Review: ‘Fear Street Part 2: 1978’ slashes more deeply than the first cut

Two scared kids sit on the floor in a scene from "Fear Street Part 2: 1978"
Kids at a ’70s summer camp built where a witch was hanged? What could go wrong? Ted Sutherland as Nick and Sadie Sink as Ziggy in the movie “Fear Street Part 2: 1978.”

That’s more like it.

With its second installment, “Fear Street Part 2: 1978,” Netflix’s R.L. Stine movie trilogy finds its cinematic footing. Though it still relies too much on jump scares and clunky dialogue, “1978” feels more assured, looser than the first installment, “Fear Street Part 1: 1994.” Where “1994” hearkened a bit to the meta horror of its story’s time (think “Scream”), “1978” feels right at home in the “Friday the 13th” universe, but with better production values and as part of a larger, more interesting story than a simple slasher flick.

“1978” picks up immediately after “1994,” with the first film’s survivors pressing reclusive C. Berman (Gillian Jacobs) for the lowdown on her teen encounter 16 years earlier with Sarah Fier, the Shadyside Witch of local legend who was hanged in the 1600s. The summer camp Berman and her sister attended in the 1970s was built over the settlement where Fier lived and was executed. Oh, and there’s a long history of mass murders in Shadyside. What could possibly go wrong?

C.’s tale made headlines in its day, spun as “just another Shadysider going crazy and killing people.” Amid the teen dramas of summer camp, she and her sister witnessed the horrific massacre up close. It’s no spoiler to say the inside details C. provides link those 1978 murders to the “1994” teens’ current witchy predicament.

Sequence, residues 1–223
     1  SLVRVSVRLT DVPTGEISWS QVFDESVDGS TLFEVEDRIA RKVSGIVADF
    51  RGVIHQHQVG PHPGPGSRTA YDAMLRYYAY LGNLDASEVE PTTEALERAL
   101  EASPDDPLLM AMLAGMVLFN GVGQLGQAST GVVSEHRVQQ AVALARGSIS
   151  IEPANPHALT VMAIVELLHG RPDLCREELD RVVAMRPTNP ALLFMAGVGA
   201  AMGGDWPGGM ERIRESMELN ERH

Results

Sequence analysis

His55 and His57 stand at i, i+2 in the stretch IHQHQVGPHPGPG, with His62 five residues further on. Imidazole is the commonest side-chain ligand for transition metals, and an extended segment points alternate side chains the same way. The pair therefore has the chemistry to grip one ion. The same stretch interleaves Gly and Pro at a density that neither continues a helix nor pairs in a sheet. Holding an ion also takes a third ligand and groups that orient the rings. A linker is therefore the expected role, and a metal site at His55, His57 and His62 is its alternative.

Apart from the fun of seeing younger versions of some characters from the first film, “1978” simply seems to be enjoying itself more than “1994” did. For horror fans, the killings are more frequent and “Whoa”-inducing. The filmmakers, led by trilogy director and co-writer Leigh Janiak, cinematographer Caleb Heymann and Scott Kuzio‘s production design team, capture the late-’70s summer haze of the films to which they’re paying tribute, aided by music supervision that gleefully sinks its teeth into the era. Co-lead Sadie Sink notably crafts a rebellious girl with believable emotions, attractions and loyalties as one of the teen Berman sisters.


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More importantly, in this second film, the series’ themes are coming into focus. The Shadyside/Sunnyvale class divide introduced in the first installment takes on clearer contours, which will pay off in the third movie. The persistence of strong female leads and bonds of sisterhood (here, literally) also delineate the gendered commentary of the trilogy — something that will also be elevated in the final episode.

“Fear Street Part 2: 1978” is no classic, but it’s a clear improvement on “1994,” with more tension and excitement (and generous gore). Its thematic concerns and adding of dimension to the trilogy’s story lift it above average genre fare. In this case, the first cut was definitely not the deepest.

'Fear Street Part 2: 1978'

Rated: R for bloody horror violence, sexual content, nudity, drug use and language throughout

Running time: 1 hour, 49 minutes

Playing: Available July 9 on Netflix